"It is also important that we have a leader both of our country and our party that brings integrity and character to the office of the president of the United States," Hutchinson said. "I am in this race because I believe that we as a party and a country have gotten off course."
Hutchinson has struggled to build momentum during his run for the White House. He qualified for the first Republican presidential debate in August but failed to make the second debate stage in September and the third debate stage on Wednesday.
Hutchinson said, "We have got a candidate, [former President] Donald Trump, who hasn't even said he will support the nominee of the party.
"We don't know whether he is going to be convicted next year or not," he said. "We don't know whether he is going to be disqualified under the 14th Amendment or not. This is an unpredictable year that we are running in, and so don't take yourself out of the game. Make sure that your voice counts, and as long as my message is resonating and making a difference, then I think it is very, very important to continue the campaign."
He said he "wagered" a $25,000 filing fee to the Republican Party of Arkansas that he'll still be in the race on March 5.
Hutchinson's successor as governor, Republican Gov. Sarah Huckabee Sanders, has endorsed Trump to be the Republican nominee. Sanders served as the White House press secretary for Trump. Sanders' father, former Republican Gov. Mike Huckabee, also has endorsed Trump.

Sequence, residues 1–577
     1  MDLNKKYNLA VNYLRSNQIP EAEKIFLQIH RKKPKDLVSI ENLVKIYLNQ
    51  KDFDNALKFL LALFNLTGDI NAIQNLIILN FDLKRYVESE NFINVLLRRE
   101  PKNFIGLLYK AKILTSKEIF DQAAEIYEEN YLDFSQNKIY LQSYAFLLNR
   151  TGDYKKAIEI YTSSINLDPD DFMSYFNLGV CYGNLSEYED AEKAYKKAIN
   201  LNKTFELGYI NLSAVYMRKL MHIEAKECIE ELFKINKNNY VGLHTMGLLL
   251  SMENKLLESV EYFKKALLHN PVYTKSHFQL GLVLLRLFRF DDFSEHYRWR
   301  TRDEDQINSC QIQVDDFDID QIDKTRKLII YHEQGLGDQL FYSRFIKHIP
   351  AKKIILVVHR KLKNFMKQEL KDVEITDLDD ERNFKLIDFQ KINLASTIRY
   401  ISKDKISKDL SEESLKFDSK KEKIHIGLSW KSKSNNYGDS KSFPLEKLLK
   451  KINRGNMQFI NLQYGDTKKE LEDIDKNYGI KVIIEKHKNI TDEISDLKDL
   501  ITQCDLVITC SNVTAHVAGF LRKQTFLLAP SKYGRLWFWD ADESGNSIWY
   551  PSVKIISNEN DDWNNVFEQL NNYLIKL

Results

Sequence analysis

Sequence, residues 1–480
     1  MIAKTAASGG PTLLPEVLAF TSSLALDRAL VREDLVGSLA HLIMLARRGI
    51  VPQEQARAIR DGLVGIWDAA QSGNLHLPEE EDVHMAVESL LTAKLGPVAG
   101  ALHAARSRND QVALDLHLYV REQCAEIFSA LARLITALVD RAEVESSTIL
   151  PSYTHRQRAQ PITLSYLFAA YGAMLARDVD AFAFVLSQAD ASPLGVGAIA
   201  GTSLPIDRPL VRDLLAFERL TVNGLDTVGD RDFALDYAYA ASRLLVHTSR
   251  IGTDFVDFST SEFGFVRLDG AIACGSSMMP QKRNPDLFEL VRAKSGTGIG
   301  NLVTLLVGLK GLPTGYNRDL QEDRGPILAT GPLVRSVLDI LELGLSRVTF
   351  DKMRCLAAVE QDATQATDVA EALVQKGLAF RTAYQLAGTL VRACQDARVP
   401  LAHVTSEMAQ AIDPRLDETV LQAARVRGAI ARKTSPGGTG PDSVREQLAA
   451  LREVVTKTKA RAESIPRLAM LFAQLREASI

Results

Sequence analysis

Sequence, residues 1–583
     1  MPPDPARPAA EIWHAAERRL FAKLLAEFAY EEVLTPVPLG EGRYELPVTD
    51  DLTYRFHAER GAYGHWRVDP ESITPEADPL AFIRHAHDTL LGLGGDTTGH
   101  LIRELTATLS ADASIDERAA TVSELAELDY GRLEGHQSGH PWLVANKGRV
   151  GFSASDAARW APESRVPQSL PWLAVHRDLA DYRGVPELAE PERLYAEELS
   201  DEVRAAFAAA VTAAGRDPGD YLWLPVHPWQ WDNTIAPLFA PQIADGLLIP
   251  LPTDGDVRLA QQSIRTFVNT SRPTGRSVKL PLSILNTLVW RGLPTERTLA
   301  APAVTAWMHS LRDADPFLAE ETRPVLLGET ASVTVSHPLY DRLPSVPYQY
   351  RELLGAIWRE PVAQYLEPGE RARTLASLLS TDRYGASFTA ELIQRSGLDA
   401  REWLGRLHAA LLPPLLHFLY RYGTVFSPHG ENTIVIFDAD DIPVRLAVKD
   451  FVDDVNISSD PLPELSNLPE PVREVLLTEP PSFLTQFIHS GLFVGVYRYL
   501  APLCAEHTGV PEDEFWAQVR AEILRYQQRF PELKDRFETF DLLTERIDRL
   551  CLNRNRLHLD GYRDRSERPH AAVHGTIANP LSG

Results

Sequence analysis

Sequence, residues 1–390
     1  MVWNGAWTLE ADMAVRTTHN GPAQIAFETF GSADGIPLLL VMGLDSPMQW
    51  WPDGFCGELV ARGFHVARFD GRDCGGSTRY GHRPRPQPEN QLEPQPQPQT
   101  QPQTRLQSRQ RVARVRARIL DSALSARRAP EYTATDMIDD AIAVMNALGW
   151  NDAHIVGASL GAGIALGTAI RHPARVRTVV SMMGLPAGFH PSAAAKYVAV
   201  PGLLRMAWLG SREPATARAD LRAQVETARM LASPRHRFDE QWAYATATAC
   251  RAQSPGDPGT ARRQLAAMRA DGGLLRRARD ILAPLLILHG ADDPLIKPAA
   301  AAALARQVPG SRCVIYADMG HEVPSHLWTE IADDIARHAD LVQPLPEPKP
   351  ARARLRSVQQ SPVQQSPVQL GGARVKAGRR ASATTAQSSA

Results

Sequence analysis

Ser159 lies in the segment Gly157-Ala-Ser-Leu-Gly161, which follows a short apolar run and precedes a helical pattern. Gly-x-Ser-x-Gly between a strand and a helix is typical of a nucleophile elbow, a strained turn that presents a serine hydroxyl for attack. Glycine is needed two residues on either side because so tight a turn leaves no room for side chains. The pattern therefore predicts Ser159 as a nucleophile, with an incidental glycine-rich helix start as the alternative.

Lyons said Friday that he is running for the Democratic presidential nomination because he wants to give people hope.
He said he is a former Republican and recently changed parties.
Lyons said Democratic President Joe Biden "went too far left, and now he is trying to come back in the middle, and it is hard to come back." He said he considers Trump to be "dangerous."
"I want change," he said.
Besides Hutchinson, Christie, Lyons and Williamson, the other presidential candidates who have filed in Arkansas to run for president so far include Biden and six Republicans -- Trump; former U.S. ambassador to the United Nations Nikki Haley, who is also the former governor of South Carolina; Florida Gov. Ron DeSantis; North Dakota Gov. Doug Burgum; entrepreneur Vivek Ramaswamy; and businessman Ryan Binkley of McKinney, Texas.
Crawford, who has served in Congress since 2011, said Friday in a statement posted on X, formerly known as Twitter, that "I filed for reelection ... and am eager to continue the fight to secure the border and halt the crushing inflationary effects of irresponsible, multi-trillion dollar spending programs passed when liberal Democrats controlled the entire legislative branch.
"It is crucial that conservatives retain control of the House and hopefully retake the White House and Senate, allowing us to implement meaningful change that strengthens our nation and protects us from crime and terrorism," he said.